Rain Garden: Designed for Success
Dionne Talia, PBR Hawaii
Volunteers till in soil amendments including some composted invasive seaweed that has been pulled from nearby Maunalua Bay. This is a perfect example of the problem (invasive seaweed) becoming part of the solution (rain garden).
Faced with the challenge of dealing with rain runoff at a Honolulu high school, Songscapes took on the task of installing a rain garden to address a flooding problem.
After heavy storms, muddy rainwater would run downhill from the Henry J. Kaiser High School cafeteria parking lot into the art building plaza. This problem presented the opportunity to build a rain garden.
Songscapes, a local landscape contracting company led by Young Song (a Kaiser High School alum) took the lead in managing and directing the work of all the volunteers and helpers.
Donating time and services to this project were PBR Hawaii, Malama Maunalua, Songscapes, Hawaii Kai Rotary Club, student volunteers and community members from the neighborhood.
Hawaiian Earth Products supplied mulch and soil amendments; Steve Nimz donated Filtrexx Erosion Control Soxx; and Malama Maunalua provided informational signage.
For local organization Malama Maunalua, the situation at the high school presented the perfect opportunity to launch a pilot rain garden project. Malama Maunalua is dedicated to protecting east Oahu’s fragile ecosystems, including streams, beaches and Manalua Bay. Implementing a rain garden at the school fit well with their mission of keeping the surrounding beaches clean by preventing pollutants from ever reaching the ocean. After securing funding and generous donations of material and supplies from local groups and organizations, dedicated volunteers broke ground on October 29, 2011. Malama Maunalua members, energetic teenagers from Kaiser High School and Niu Valley Intermediate School, and others all joined forces to provide labor.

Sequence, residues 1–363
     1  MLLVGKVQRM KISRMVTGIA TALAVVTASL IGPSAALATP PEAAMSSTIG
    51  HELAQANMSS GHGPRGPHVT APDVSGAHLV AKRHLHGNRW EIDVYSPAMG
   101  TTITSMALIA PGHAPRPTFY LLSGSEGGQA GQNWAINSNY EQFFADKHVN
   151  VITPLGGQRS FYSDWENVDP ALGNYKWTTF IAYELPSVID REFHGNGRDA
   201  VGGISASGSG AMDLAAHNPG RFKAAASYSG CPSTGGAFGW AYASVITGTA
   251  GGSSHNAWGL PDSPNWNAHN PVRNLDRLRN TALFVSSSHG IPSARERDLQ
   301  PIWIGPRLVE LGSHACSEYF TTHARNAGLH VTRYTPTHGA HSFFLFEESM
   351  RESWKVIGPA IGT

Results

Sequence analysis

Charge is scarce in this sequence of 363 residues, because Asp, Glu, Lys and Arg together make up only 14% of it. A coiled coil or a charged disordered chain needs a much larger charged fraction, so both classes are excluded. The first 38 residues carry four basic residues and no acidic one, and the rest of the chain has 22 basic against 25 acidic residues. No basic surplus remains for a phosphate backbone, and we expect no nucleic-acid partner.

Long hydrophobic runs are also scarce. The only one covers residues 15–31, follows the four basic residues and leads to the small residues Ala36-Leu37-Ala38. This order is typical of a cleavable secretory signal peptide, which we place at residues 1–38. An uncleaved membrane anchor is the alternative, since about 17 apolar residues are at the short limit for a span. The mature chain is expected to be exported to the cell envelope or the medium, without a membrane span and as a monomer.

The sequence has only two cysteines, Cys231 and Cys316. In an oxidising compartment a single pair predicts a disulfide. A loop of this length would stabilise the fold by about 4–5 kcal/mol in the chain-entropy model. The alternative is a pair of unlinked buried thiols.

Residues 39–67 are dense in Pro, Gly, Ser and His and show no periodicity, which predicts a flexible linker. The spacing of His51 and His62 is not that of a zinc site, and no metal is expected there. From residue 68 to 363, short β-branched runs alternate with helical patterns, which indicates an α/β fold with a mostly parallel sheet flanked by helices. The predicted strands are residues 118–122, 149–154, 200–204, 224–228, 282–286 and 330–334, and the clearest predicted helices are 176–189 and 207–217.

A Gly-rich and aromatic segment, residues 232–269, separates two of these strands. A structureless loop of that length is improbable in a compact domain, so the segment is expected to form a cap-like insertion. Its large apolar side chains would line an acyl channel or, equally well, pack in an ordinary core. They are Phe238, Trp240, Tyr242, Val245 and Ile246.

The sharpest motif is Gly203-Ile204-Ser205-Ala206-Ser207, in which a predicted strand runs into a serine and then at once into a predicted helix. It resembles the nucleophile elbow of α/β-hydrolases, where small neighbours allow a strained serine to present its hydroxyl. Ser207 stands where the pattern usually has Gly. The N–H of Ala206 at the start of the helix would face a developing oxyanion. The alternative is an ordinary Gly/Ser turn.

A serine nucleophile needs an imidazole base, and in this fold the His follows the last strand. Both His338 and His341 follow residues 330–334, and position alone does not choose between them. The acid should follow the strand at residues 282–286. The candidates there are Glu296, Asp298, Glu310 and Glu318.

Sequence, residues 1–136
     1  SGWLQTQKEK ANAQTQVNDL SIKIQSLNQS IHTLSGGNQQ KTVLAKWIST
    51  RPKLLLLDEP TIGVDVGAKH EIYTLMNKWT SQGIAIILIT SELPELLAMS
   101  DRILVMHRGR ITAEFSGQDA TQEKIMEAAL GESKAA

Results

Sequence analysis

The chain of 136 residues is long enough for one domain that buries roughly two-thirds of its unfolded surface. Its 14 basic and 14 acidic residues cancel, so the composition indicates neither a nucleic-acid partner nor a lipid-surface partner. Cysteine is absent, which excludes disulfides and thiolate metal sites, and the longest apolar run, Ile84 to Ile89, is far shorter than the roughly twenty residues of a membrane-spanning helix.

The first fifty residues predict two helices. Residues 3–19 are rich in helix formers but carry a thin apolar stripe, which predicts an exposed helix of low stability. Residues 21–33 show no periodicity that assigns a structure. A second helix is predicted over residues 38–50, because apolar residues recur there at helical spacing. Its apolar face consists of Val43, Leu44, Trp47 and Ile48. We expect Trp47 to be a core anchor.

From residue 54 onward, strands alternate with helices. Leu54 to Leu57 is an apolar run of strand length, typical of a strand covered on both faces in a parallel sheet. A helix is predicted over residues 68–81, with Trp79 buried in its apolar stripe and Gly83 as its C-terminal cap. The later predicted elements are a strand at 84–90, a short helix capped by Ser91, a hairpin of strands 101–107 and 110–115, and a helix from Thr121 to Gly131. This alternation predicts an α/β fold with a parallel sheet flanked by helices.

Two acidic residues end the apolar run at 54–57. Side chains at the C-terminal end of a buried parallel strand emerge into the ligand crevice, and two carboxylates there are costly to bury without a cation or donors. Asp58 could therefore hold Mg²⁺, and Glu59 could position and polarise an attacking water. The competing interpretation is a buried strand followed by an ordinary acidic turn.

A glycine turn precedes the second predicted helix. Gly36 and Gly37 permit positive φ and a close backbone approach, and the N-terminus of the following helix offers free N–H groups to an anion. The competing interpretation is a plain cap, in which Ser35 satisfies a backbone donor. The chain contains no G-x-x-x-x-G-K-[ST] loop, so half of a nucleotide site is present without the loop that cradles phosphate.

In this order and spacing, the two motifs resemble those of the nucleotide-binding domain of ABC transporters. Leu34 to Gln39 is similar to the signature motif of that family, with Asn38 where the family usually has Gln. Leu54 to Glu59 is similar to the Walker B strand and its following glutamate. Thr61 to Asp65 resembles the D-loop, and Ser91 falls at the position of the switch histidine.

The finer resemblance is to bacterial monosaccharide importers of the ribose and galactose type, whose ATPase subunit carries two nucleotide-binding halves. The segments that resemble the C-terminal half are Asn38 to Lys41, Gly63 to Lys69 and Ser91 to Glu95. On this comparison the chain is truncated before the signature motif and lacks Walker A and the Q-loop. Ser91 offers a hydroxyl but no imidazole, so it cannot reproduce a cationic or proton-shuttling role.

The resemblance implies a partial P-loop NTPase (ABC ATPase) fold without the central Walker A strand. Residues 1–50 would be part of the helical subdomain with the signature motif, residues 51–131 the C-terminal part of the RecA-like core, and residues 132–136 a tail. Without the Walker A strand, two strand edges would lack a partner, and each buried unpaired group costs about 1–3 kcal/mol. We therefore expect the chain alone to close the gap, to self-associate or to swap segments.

The first day included digging up the area to build the ground depression around the storm drain, which would now be the new over flow drain. A small excavator helped the volunteers avoid the most strenuous work and all excavated dirt was reused to build a continuous berm (earth mound) along the low side of the garden to help retain the storm water.